For The Tashme Project, they interviewed the second generation, the Nisei, who were kids during the internment and are now elderly. The Nisei rarely talk about the internment. When asked to speak for this project, however, they spilled. [Read more…]

New Cackle Sisters: Kitchen Chicken—homemade okayness

The Cultch is presenting New Cackle Sisters: Kitchen Chicken at the York.

The sing! They peel potatoes! (Photo by Charles Frédérick Ouellet)

New Cackle Sisters: Kitchen Chicken is inventive but not dazzling, an intermittently engaging form of theatrical folk art.

In the show, a cast of six prepares a meal of chicken and mashed potatoes as well as appetizers—all while performing popular American songs from the 30s. The music involves a lot of yodeling and harmonies from the two female performers, who are billed as the New Cackle Sisters. And the instrumentation includes everything from kazoos to a tuba and percussion achieved by slapping raw poultry.

The meal prep is just as eccentric. When the New Cackle Sisters peel the potatoes, for instance, one of them skewers a potato with a hand-held drill, then turns it on, rotating the potato at speed while the other runs a peeler along it as if she were working a lathe. Potato skin and chunks of potato go flying. [Read more…]

Chimerica: how many hours do you have to spare?

United Players is presenting Lucy Kirkwood's Chimerica at the Jericho Arts Centre.

Playing a young revolutionary couple, Olivia Poon and Angus Yam provide some of the most human moments in Chimerica. (Photo by Nancy Caldwell)

I thought it was never going to end. Then, after two hours, the lights finally came up—but it was only intermission. We had another hour and a half to go.

Playwright Lucy Kirkwood’s Chimerica is about the current murky codependence between China and the States. To explore it, she has invented a character named Joe Schofield, a New Yorker whom she credits with taking the famous photograph of the lone protester standing in front of tanks in Tienanmen Square in 1989. Joe was 18. Now it’s 23 years later and Joe is searching for the guy he calls Tank Man. He says he’s doing it because he wants to celebrate Tank Man’s heroism in an age of equivocation, but he also needs to revive his flagging career—and perhaps his sense of moral purpose.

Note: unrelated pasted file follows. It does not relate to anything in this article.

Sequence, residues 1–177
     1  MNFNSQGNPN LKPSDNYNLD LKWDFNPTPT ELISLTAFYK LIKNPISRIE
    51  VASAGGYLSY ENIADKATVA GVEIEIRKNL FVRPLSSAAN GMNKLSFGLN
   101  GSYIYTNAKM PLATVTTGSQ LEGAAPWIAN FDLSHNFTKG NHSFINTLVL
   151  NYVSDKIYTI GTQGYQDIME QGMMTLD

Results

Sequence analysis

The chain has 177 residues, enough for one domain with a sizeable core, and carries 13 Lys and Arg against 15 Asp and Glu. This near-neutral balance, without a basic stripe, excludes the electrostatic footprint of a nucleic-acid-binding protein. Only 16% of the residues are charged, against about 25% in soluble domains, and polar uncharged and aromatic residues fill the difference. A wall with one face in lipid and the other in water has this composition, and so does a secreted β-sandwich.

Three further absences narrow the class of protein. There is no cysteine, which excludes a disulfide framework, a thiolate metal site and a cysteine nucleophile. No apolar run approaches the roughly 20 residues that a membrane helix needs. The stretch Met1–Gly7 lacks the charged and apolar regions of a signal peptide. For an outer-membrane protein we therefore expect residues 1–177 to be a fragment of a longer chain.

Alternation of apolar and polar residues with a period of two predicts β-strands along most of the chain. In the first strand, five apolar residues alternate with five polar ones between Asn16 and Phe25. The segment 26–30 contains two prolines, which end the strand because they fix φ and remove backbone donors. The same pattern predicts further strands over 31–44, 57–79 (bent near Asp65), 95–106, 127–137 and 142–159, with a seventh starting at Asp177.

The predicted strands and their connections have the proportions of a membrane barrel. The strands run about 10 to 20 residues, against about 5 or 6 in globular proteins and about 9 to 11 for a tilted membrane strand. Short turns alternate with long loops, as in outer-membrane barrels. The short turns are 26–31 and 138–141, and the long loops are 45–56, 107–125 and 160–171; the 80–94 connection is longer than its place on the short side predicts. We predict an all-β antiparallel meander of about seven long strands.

Flying to Beijing, Joe meets Tessa Kendrick, a British market researcher. She’s afraid of flying. He holds her hand. But she’s also tough so, you know: sparks.

Joe’s friend Zhang Lin, who lives in Beijing, is a former Tienanmen protester and current uneasy pragmatist. He pays lip service to accommodating the damage caused by China’s economic “miracle”—including the lethal smog that the Communist Party passes off as weather— but his wife, who was killed in the massacre, keeps appearing in his fridge like a fragment of the conscience he’s put on ice.

Joe’s search for Tank Man ensnares everybody in a convoluted, sometimes bloody detective story that weaves its way through New York’s boroughs—slowly. [Read more…]

The Orchard (After Chekhov): hobbled by imitation

Loveleen comforts Kesur in Sarena Parmar's The Orchard (After Chekhov)

The Orchard (After Chekhov) is at its best when it’s quiet—like in this exchange between actors Parm Soor and Laara Sadiq. (Photo by David Cooper)

 

There are good bits, but overall it’s a mess. And the primary faults are in the writing and direction.

In The Orchard (After Chekhov), Sarena Parmar, who grew up in Kelowna, resets Anton Chekhov’s The Cherry Orchard in the Okanagan in 1974. The central characters are no longer aristocratic Russian landowners; they are South Asian-Canadian farmers, Sikhs from the Punjab.

It’s a clumsy fit. [Read more…]

A Vista: a trip

 

Fight With a Stick is presenting A Vista at the Massey Theatre

Mark Rothko didn’t paint the backdrops for A Vista, but it kind of feels like he did. (This is Untitled, 1960)

I rarely have such exhilarating aesthetic experiences at the theatre.

A Vista consists of three parts: “Full Drops”, which I saw last night; “Portals”, which is playing tonight (March 21), and “Legs” (March 22). You don’t have to see one to appreciate the others.

Hunker down because this is going to sound dull at first. In “Full Drops”, a crew lays out 15 folded painted backdrops on the huge stage of the Massey Theatre, then they tie them to steel pipes called battens and raise them. The rest of the performance consists of the slow rearrangement of these drops in relation to one another: they go up and down in different sequences. It takes about two hours—and it’s a fucking trip. (If you don’t believe me, ask the three little boys who were also at the show last night. You get to move around to different viewing areas during these performances and those kids were scuttling about as eagerly as I was—because we were all on an adventure.) [Read more…]